Gina Yosten stands next to Samson. They're both wearing kakis, a collared shirt and a sweater vest. Yosten also has on a fake mustache, fake eyebrows and a balding wig.
Gina Yosten, PhD, dresses up like Samson for Halloween.

“She got me interested in receptors, the proteins that take the message that hormones deliver,” Samson says. That grad student was Gina Yosten, PhD, who’s now a tenured associate professor alongside Samson at SLU. (Yosten was recently elected to APS Council and serves as the youngest editor of an APS journal, American Journal of Physiology-Regulatory, Integrative and Comparative Physiology.) “We’ve had a longstanding successful career looking at receptors. She’s a remarkable scientist,” Samson says. 

“Being a farmer is awfully hard work. I admire them tremendously. But that wasn’t for me.”

Their lab has been guided by a dictum that Samson picked up earlier in his career: “Let the data tell you where to go with your science.”

The data have led Samson and Yosten’s lab to discover two new hormones and identify five new receptors. “For years, I did work where we tried to figure out, ‘OK, what does this thing do, or where does it act?’ but we didn’t really discover new things; we were sort of characterizing things that were known. And what we’ve been doing the last 15 or so years is actually discovering things that no one knew existed,” Samson says.

Those discoveries could be leveraged for the development of therapeutics. One of the hormones they discovered, for example, could be manipulated to help people with Type 1 diabetes who overshoot their insulin and become hypoglycemic. Another hormone could lower blood pressure for pregnant people who have preeclampsia. And one of the newly identified receptors could be used to treat chronic pain or eating disorders.

“You discover things and then you can’t be narrow in your focus,” Samson says. “You have to say, ‘OK, so you found this, now what do you do? What does it do? Where does it act? What can we leverage it into?’”

Leading APS into the future

Samson’s connection to APS goes back to the earliest days of his academic career, studying under McCann in Dallas. McCann was active in APS and brought Samson along for the ride.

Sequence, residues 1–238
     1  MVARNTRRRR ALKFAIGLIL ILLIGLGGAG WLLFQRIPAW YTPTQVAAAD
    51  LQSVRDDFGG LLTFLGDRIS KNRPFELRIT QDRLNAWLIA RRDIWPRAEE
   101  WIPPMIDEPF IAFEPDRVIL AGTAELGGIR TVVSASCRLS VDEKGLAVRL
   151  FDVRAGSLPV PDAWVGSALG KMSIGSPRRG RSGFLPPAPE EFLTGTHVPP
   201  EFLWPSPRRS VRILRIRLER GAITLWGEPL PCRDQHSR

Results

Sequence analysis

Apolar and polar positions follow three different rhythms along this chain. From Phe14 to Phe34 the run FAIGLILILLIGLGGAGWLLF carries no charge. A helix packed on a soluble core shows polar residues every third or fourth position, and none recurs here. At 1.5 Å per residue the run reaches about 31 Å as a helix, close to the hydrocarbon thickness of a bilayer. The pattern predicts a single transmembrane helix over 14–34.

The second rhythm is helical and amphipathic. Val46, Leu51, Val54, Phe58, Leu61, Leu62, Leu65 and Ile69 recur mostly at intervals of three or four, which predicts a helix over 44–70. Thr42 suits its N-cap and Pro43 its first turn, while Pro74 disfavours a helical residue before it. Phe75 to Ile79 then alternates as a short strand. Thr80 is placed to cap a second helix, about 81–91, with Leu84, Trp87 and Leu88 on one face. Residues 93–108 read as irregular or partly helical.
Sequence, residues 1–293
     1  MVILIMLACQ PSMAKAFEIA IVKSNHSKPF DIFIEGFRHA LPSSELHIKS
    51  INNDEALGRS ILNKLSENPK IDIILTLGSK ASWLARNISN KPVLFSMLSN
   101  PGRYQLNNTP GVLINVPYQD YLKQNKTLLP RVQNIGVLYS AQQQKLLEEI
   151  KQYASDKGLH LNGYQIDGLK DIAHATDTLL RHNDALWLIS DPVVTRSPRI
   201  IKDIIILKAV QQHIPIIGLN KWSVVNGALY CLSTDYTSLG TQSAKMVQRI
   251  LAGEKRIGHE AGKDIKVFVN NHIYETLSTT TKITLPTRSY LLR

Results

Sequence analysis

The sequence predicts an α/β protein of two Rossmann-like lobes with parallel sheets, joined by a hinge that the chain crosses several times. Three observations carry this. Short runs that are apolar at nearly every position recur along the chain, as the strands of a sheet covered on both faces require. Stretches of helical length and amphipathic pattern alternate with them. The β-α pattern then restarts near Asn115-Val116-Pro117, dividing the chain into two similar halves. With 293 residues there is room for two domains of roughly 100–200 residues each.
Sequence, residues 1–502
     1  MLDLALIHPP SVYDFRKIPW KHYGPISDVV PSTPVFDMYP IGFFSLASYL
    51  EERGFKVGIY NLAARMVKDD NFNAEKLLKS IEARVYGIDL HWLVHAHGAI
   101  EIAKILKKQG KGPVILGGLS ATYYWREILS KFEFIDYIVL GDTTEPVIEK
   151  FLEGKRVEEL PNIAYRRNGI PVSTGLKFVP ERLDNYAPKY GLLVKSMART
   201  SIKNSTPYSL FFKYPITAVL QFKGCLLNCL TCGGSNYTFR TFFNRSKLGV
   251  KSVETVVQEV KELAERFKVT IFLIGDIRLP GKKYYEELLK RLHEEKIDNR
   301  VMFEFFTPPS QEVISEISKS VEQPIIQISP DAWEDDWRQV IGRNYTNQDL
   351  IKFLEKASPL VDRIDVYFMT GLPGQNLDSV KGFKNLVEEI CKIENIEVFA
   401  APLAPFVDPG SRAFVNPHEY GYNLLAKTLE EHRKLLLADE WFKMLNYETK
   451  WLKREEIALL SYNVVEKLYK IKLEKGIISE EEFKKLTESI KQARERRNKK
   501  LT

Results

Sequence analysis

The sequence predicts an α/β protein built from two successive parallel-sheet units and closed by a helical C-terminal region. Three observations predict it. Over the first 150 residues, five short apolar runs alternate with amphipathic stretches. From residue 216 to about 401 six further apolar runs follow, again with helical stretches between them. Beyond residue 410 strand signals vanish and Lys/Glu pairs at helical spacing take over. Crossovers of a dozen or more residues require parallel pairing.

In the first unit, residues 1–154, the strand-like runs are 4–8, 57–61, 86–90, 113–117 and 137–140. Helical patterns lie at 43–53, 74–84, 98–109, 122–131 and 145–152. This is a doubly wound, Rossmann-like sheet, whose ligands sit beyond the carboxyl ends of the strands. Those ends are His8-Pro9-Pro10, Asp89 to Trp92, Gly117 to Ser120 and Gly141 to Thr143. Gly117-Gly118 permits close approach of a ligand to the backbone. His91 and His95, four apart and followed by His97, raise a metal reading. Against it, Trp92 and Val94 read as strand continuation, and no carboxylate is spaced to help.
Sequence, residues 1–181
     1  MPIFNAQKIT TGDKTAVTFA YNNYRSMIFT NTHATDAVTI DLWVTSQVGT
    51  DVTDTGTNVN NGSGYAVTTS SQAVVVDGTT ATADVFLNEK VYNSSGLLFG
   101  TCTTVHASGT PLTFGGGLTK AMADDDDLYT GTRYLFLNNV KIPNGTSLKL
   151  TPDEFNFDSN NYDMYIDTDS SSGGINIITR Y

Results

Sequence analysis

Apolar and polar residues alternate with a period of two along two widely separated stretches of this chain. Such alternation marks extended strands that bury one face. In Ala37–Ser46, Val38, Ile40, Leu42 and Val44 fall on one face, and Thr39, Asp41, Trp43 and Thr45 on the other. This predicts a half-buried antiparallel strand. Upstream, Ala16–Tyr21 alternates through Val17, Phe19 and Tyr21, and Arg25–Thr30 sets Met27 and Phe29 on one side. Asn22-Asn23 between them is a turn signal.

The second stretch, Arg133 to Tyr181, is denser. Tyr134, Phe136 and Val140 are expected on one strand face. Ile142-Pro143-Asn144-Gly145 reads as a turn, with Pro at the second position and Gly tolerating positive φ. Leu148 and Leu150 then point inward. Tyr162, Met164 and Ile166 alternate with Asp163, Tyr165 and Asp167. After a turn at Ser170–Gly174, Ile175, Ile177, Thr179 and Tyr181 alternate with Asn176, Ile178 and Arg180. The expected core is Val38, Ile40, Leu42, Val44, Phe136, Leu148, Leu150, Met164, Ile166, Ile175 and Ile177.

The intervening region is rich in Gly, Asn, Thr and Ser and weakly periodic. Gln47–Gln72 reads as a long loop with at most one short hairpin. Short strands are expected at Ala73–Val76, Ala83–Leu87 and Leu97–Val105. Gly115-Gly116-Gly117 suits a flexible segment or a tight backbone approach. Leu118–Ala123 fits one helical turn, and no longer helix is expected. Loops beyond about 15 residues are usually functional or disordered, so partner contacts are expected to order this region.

Samson sits in a living room behind four small Christmas trees. Joining him are two adult twin men and three young children.
Samson at Christmas 2022 with his twin sons and three grandsons.

“There were a lot of characters, but also, it was a very welcoming environment. I mean, even as a postdoc, I got introduced to one after another president of APS,” Samson says. “I realized that it was a place where you could be included, if you worked hard, and were honest, and were a good communicator.”

He caught the bug and quickly ascended through the ranks as a committee trainee, then committee member and eventually editor of the American Journal of Physiology-Regulatory, Integrative and Comparative Physiology

As he takes on the presidency of APS, Samson hopes to bring that welcoming, invigorating experience he had decades ago to a new generation of young scientists.

“I think the most important thing that the president can do is encourage people to be involved,” he says. “And I’m very concerned about the fact that it’s a very old Society; the average age is well over 45. We need to attract young members, get them involved, and keep the Society going by refilling the spots that retirements open up.”

He’s also planning to focus on the finances and governance of APS. “With open access coming, it’s really going to decrease our income stream,” he says. “We’re going to have to really look at our financial model very carefully.”

He’ll also continue the work of the task force to modernize the century-old governance structure of the Society, an effort he’s been leading under APS Immediate Past President Dee Silverthorn, PhD, FAPS.

“We have to be transparent in what we’re doing; we have to get people involved and invested. And we have to focus on the future,” Samson says.

This article was originally published in the May 2023 issue of The Physiologist Magazine.

At APS, “I realized that it was a place where you could be included, if you worked hard, and were honest, and were a good communicator.”